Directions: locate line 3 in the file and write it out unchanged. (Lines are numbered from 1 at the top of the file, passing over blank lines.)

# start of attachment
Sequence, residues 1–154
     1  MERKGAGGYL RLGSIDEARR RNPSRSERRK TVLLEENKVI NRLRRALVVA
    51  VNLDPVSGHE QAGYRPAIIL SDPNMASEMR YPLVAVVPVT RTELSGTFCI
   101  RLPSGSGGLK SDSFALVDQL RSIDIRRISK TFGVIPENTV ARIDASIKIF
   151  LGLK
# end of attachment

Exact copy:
    51  VNLDPVSGHE QAGYRPAIIL SDPNMASEMR YPLVAVVPVT RTELSGTFCI